CAMBRIDGE — Slain Massachusetts Institute of Technology police officer Sean Collier was remembered yesterday for his dedication to law enforcement and his love of people as thousands gathered at a campus memorial.
Vice President Joe Biden joined students, faculty, staff and law enforcement officials from across the nation at Briggs Field for the service to honor an officer who was already well-respected by his colleagues and superiors, and popular with students after little more than a year on campus.
Collier, a Salem State University graduate, was fatally shot on April 18, three days after the Boston Marathon bombings that killed three people. Authorities say he was shot by brothers Tamerlan and Dzhokhar Tsarnaev. Dzhokhar Tsarnaev was charged Monday in his hospital room, where he is in fair condition with a gunshot wound to the throat suffered during his attempted getaway. His brother, 26-year-old Tamerlan, died Friday after a gunbattle with police.
“My heart goes out to you,” Biden told Collier’s family. “I hope you find some solace in this time of extreme grief.”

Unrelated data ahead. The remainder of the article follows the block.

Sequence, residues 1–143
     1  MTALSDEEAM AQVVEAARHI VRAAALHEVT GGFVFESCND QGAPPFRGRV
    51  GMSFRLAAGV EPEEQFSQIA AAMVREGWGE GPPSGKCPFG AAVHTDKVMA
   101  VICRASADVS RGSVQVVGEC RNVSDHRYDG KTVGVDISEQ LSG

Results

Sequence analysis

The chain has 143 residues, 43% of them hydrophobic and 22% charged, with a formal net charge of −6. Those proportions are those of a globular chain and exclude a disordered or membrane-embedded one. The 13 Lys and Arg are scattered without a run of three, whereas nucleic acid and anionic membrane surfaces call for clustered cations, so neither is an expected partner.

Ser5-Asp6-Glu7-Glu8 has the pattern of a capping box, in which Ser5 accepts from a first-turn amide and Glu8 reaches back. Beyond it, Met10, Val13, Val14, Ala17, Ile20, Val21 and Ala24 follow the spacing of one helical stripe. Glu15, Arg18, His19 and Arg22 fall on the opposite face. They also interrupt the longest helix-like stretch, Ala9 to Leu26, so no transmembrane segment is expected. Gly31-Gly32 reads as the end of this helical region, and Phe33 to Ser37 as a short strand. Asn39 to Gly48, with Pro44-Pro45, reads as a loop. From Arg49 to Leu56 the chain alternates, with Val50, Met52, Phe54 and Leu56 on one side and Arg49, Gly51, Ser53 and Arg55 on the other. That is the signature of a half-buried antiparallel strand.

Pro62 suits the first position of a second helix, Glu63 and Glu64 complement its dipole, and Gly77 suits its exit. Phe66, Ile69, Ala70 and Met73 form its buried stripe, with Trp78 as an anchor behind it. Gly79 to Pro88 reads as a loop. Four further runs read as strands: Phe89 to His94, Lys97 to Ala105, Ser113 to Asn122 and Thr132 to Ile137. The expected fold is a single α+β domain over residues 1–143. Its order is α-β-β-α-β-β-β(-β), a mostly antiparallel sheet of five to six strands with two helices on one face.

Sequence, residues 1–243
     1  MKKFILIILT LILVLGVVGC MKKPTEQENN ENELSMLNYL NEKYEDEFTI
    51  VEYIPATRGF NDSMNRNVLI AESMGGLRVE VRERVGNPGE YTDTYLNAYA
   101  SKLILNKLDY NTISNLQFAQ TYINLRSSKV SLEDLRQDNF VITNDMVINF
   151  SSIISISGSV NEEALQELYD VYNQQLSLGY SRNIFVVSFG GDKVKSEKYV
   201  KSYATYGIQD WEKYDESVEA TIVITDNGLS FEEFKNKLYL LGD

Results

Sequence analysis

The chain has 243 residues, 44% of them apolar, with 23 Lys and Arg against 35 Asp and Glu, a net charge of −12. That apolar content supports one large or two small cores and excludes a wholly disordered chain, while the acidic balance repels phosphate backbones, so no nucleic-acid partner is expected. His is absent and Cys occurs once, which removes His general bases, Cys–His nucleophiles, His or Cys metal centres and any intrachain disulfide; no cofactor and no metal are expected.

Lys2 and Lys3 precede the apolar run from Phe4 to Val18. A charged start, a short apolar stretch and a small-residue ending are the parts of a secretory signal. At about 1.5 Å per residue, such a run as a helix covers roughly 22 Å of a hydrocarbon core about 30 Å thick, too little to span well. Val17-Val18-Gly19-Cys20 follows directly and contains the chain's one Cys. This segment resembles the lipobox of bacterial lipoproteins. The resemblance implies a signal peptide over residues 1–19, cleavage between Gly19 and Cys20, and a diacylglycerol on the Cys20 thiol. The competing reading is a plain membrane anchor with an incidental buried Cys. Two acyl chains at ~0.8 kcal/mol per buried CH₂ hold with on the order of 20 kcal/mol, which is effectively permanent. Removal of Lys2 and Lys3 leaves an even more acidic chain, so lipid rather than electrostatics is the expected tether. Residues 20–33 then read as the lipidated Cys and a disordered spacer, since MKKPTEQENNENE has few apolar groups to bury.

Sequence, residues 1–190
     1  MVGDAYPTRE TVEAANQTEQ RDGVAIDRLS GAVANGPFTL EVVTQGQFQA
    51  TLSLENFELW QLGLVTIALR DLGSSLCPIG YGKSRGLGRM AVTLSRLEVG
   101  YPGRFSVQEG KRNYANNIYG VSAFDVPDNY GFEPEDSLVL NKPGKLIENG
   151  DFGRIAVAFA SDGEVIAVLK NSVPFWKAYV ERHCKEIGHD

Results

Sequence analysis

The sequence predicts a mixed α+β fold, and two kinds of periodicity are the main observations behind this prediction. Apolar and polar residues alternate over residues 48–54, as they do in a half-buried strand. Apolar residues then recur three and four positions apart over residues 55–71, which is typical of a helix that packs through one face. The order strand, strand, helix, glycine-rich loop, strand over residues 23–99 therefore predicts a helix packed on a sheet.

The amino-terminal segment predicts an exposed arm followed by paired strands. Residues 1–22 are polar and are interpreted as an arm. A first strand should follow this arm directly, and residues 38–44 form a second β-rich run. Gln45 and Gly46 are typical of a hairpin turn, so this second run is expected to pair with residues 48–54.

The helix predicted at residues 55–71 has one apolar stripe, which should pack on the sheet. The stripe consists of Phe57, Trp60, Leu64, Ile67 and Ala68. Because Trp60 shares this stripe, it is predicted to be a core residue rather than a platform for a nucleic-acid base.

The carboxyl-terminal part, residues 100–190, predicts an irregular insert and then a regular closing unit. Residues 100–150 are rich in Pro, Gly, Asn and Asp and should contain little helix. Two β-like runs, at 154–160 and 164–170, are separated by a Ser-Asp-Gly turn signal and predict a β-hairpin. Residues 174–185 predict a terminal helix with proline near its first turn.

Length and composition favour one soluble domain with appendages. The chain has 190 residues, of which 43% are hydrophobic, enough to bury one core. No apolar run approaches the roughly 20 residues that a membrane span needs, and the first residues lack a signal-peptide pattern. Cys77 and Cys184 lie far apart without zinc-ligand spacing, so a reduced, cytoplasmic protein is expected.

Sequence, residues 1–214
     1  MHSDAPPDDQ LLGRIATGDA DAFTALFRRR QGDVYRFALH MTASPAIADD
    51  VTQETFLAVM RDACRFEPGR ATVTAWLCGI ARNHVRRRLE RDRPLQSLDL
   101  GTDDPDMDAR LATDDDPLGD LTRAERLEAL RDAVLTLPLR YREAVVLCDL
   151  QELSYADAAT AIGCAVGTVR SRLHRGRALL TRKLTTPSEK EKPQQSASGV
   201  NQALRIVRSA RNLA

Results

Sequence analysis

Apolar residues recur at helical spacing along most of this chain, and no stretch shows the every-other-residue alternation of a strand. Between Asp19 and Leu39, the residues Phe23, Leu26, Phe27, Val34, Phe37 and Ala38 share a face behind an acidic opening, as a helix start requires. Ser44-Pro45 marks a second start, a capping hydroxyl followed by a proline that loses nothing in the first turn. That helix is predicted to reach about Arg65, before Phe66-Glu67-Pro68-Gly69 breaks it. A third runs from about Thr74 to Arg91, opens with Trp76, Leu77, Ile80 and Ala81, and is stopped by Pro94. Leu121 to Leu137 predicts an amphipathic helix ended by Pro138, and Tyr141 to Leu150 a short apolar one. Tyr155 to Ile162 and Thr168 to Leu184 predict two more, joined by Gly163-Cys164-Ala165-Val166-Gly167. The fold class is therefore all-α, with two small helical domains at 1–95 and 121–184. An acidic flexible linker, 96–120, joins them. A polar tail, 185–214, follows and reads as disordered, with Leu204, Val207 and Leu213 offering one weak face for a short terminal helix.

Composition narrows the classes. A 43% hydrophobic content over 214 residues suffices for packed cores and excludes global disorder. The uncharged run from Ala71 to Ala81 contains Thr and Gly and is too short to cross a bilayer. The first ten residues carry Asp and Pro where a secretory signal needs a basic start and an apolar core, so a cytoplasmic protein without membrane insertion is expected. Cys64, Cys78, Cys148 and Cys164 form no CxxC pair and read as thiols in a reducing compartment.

Biden called the brothers suspected in the bombings and Collier’s killing “two twisted, perverted, cowardly, knockoff jihadis.”
He said he is constantly asked the question of why terrorists do what they do against the U.S.
“I’ve come to conclusion they do it to instill fear,” Biden said. “To have us, in the name of our safety and security, jettison what we value most in the world, our open society, our system of justice that guarantees freedom. ... Our transparency; that’s their target.
“It infuriates them that we refuse to bend, refuse to change, refuse to bend to fear.”
Collier’s casket was positioned in front of the thousands who gathered on a bright, sunny spring day. Music of bagpipes echoed through the field and a large American flag, suspended high about the crowd between two fire department ladder trucks, flapped slowly in the breeze.